Wednesday, November 12, 2014
I crawled under the warm covers of our bed and sleeplessness invited thoughts, swirling as if to mimic the treacherous wind outside. In home schooling our focus in these last two weeks has been on the former USSR. An upbeat jingle for Geography has enlightened our minds to each country along the Southern border of Russia. In History we've read of the people, their traditions, customs, religions and livelihood. And we have read of poverty, struggle, and endurance. The sharp sting of winter crouching at our own front door reminded me especially of the people of the Ukraine. I felt guilty over the blessings I have and grieved over their persecution.
Each school day, for the last five years (since Hepatitis shook our lives), twenty-two-year-old Olena, our faithful helper, has worked alongside me from 9 to 3 to run the house and assist in schooling. She is a treasure to our family and sometimes knows what I'm thinking before the words form. She is Ukranian. I often hear of the tumult in her land and hardships through which the Easterners suffer. This morning I asked for the latest news and if perhaps I could gather coats to send before the icy winter consumes the lives of some who are only barely surviving.
Olena spoke in her gentle, stoic manner, 'Yes, coats would be a blessing, but we can get them to our people. We have a Christian organization that will send whatever you have. Many in the Western Ukraine are also helping and yesterday I heard of a woman who has almost nothing, giving what she had, out of compassion. Also, an old building was quickly transformed to house many homeless families.'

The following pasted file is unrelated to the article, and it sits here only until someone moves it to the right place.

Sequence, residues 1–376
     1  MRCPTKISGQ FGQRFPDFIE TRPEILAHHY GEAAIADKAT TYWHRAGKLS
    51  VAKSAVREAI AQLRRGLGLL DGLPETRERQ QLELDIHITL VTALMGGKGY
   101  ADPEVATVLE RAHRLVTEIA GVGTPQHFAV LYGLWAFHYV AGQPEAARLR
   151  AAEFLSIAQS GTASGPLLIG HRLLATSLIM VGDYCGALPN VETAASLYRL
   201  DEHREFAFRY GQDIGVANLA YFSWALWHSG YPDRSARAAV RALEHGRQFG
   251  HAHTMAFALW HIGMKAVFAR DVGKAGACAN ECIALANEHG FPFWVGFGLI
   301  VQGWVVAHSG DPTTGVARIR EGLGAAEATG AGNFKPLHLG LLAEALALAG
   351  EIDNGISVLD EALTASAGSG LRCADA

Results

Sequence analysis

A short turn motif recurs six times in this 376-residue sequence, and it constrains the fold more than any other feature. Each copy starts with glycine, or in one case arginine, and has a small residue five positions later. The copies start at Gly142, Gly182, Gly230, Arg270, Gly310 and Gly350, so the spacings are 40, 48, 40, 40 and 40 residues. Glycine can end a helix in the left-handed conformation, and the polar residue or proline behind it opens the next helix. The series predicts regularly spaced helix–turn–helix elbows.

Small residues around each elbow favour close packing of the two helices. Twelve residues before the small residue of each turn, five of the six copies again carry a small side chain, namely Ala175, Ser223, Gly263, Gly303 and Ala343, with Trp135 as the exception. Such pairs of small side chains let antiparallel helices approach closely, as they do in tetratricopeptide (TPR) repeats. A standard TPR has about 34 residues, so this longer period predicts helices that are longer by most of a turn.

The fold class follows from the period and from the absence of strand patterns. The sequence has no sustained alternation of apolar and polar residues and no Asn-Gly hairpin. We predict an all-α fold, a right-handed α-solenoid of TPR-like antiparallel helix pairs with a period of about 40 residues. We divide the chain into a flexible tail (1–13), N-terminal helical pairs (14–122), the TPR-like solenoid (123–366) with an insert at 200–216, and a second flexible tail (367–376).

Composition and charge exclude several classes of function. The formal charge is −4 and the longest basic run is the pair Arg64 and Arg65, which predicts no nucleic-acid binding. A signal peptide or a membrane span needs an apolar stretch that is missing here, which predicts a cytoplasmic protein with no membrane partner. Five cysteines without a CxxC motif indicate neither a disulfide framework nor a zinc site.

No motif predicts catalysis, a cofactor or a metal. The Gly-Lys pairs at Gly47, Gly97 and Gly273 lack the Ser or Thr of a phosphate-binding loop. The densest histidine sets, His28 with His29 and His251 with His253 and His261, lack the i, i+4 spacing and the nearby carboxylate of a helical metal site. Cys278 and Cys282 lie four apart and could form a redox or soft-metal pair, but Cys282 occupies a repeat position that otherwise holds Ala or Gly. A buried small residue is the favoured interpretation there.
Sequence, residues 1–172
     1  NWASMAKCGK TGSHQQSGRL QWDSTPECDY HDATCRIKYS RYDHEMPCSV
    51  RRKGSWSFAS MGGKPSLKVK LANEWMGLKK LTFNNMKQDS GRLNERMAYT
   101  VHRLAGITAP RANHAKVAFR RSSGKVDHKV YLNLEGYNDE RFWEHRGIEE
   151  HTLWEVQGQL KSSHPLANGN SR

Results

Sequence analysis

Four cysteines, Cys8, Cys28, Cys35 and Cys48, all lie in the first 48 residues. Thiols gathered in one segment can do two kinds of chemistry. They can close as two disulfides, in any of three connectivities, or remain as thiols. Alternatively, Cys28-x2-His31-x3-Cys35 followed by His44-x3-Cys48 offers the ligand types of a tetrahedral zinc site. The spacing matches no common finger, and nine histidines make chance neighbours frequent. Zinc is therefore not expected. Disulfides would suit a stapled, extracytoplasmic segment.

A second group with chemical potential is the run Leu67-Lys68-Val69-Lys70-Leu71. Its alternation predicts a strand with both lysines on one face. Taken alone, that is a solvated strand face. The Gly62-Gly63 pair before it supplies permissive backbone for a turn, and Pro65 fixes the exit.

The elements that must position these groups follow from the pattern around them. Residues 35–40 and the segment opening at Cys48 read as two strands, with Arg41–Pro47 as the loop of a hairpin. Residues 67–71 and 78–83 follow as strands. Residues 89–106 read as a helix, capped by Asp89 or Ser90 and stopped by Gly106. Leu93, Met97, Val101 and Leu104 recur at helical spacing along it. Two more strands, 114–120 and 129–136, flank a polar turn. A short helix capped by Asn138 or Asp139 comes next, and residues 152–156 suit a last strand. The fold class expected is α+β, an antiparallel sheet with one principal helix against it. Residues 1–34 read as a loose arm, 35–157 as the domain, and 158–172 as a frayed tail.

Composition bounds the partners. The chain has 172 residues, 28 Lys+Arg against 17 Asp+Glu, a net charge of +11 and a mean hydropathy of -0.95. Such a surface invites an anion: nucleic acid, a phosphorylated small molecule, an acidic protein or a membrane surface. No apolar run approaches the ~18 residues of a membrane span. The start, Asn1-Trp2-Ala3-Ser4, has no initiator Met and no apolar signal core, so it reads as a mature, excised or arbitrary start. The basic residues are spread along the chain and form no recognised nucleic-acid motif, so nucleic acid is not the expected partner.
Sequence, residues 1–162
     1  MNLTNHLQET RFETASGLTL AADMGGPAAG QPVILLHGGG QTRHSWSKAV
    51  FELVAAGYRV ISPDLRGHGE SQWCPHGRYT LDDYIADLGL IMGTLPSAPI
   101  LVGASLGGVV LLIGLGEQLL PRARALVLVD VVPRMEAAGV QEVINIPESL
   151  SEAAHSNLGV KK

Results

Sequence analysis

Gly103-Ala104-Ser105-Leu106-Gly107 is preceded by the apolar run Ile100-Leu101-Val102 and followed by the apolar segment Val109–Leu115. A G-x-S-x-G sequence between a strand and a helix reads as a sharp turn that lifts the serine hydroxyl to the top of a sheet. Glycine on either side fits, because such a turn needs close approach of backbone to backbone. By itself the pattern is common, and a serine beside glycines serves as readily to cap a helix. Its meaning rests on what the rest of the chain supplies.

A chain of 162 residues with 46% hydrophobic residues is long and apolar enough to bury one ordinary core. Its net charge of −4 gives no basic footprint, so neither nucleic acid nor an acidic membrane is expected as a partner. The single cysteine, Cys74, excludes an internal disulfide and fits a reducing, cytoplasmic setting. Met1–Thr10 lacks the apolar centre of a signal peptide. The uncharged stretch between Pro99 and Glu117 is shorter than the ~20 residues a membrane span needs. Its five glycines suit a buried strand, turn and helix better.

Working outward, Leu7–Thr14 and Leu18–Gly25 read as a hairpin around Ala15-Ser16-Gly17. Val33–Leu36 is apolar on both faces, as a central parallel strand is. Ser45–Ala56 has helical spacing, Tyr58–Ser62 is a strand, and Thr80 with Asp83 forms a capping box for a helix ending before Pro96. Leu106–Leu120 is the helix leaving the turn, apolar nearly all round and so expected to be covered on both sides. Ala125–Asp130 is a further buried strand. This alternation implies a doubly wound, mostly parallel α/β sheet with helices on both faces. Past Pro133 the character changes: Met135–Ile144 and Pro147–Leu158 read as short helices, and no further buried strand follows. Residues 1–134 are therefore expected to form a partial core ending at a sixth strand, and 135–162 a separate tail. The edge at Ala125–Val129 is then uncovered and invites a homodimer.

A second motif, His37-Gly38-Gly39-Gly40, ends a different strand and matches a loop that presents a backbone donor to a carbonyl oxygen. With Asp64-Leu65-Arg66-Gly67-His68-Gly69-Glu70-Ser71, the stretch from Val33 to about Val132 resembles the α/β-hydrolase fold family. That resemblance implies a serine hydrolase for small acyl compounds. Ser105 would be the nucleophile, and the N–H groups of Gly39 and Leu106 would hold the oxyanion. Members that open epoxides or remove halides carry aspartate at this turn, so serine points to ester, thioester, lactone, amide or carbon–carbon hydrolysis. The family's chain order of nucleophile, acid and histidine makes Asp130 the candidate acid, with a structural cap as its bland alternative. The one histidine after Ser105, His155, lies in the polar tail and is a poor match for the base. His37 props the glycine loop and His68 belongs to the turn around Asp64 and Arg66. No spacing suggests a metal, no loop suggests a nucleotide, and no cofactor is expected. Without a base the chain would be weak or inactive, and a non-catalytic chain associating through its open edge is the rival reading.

'We could have given in long ago and our cities and people would have fared far better, but we are not willing to give our country away. We believe in the community we have, though our cities are poor, they are beautiful. Things have changed so much, but we love our country. Though churches in the East are destroyed, we believe and trust God, and have His help. Though we struggle, He is mighty. Here in my Ukrainian church we have grown from 600 to 800 members. The Evil that would try to destroy us cannot destroy our hearts, it is building up our faith in Christ. Just this morning, the cold sweep in my country relented and at least for now, since it has not hit freezing, many are still alive who have very little and are underground. We are thankful.'
The school day is long over, and my frigid feelings and stark, sad emotions of the early morning have given way to Hope. Sometimes it is another's hope and faith that draw us back to realignment with the truth we know. The pots outside, on the back deck, standing sturdy yet exposed, in this late afternoon light, give a different view of the fading fall. There is new growth amidst the change and even a few flowers that seem more beautiful because of the environment in which they choose to bloom. I needed Olena's perspective to open my eyes to the good.
Paul ends the chapter with the blessings of peace, faith, grace and Christ's undying love. As David Crowder sings, "There is no hurt that heaven can't heal!" Bleakness is not God's way, He gives hope for tomorrow and encouragement for today.